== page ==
Broad-leaved dock (Rumex obtusifolius), a widely-distributed member of the Polygonaceae, occurs in the grasslands and The Wilderness area of campus. Alternative names include bitter dock, due to the leaf taste, and butter dock, as it was formerly used to wrap butter. A more unusual common name is Cushy-cows. Classified as an injurious weed under The Weeds Act of 1959, it out-competes grass and forage species and damages agricultural pasture. Farmers usually control it with herbicide however, organic farming requires labour-intensive, manual clearance. An innovative technological response to this problem was made by a Dutch research team who have developed and field-tested a prototype robot to detect and destroy individual weeds with a cutting device (van Evert et al 2011). Using GPS and a camera the robot achieved a weed detection rate of 93% and effective control in 73% of cases. The authors conclude the robot is effective for broad-leaved dock control on commercial farms.
Broad-leaved dock has positive attributes; the seeds are important winter food for birds such as Dunnocks (Prunella modularis) (Bishton 1986), whilst leaves are eaten by insects, including green dock beetles (Gastrophysa viridula). There is little scientific evidence to support the well-known British practice of rubbing leaves on nettle stings to reduce pain, but you may be one of the many who swear it works.
Image: Author: James Lindsey http://en.wikipedia.org/wiki/File:Gastrophysa.viridula.jpg
Bishton G. (1986), The diet and foraging behaviour of the Dunnock Prunella modularis in a hedgerow habitat. Ibis, 128: 526–539.
Van Evert, F.K. et al (2011) A robot to detect and control broad-leaved dock (Rumex obtusifolius L.) in grassland. Journal of Field Robotics. Volume 28: 264-277.
I’m a long term user of Dock to alleviate nettle stings however I’m willing to accept that it might just be the cooling effect of such moist leaves and the gentle rubbing with the leaf that do the good.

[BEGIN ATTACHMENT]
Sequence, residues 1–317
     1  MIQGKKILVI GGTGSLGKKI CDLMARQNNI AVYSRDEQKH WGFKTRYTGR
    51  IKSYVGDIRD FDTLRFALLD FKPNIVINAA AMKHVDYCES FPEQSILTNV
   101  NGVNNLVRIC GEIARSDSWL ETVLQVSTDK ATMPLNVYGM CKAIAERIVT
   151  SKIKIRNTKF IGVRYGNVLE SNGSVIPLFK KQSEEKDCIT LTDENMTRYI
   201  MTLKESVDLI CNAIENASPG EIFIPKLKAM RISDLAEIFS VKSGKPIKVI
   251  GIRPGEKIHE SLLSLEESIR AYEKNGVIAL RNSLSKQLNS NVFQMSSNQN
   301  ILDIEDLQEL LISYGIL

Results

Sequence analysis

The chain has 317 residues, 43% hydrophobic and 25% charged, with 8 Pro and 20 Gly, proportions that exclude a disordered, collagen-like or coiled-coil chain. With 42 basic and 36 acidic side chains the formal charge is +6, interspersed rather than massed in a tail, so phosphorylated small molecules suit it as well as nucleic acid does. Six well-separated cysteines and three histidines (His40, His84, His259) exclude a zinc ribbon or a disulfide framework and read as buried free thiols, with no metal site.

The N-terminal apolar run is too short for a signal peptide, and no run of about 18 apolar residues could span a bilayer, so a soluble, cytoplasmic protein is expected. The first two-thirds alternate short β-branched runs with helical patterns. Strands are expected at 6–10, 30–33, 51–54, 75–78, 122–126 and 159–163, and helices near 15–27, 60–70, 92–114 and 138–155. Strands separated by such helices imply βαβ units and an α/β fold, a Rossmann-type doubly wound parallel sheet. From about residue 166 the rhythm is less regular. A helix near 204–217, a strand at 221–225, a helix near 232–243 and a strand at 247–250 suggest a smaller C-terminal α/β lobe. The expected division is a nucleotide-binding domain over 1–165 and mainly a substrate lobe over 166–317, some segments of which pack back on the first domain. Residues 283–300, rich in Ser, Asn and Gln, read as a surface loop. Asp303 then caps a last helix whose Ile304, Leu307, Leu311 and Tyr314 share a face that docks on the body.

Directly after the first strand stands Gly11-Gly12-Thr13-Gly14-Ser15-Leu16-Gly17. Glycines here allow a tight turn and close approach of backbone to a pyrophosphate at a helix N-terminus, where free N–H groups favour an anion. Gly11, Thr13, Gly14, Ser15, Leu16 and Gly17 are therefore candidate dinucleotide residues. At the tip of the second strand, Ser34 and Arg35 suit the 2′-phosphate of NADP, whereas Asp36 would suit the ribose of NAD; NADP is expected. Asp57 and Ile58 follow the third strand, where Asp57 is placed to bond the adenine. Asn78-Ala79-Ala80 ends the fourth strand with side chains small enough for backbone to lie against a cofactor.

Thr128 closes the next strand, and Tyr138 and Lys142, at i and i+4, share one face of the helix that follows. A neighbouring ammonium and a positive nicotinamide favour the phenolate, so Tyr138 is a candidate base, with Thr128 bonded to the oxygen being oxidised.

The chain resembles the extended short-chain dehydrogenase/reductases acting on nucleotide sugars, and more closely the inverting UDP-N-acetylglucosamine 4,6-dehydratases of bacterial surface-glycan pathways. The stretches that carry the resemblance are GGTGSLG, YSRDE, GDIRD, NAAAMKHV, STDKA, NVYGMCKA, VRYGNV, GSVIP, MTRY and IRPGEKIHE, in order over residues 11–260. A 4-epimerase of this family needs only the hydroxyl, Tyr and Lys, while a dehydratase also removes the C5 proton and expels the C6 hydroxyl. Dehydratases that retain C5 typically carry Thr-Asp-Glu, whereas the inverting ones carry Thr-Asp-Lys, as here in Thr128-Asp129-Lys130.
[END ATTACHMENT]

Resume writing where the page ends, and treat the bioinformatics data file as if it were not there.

Is the dock destroying robot cost effective or just a novelty?
I don’t know about cost-effective (yet), but I have seen it in action in the Netherlands and it is very impressive. One of the problems in controlling Rumex is that they start very patchily distributed in a field and thus are not worth controlling. But each add many thousands of seeds a year to the long-lived seed bank and then when the field is cultivated, dock monoculture results. A robotic spot herbicide treatment of the patchily occuring plants could be very important.
I have heard via agriculture that on severe infestations of dock on organic farms, these beetles and larvae are used to good affect to control docks. Others in the Chrysomelidae are also very impressive at eating through foliage, i have witnessed how quickly the Watercress Leaf Beetle (Phaedon aeruginosa) divours vegetation when surveying for southerndamselfy.
Indeed, the beetles can be very effective in at least reducing the size of R. obtusifolius plants and their seed production. After a number of years they can even kill the plants, but it is not quick. I’ve been researching them for many years now, and introduced some onto campus last century. They still seem to survive.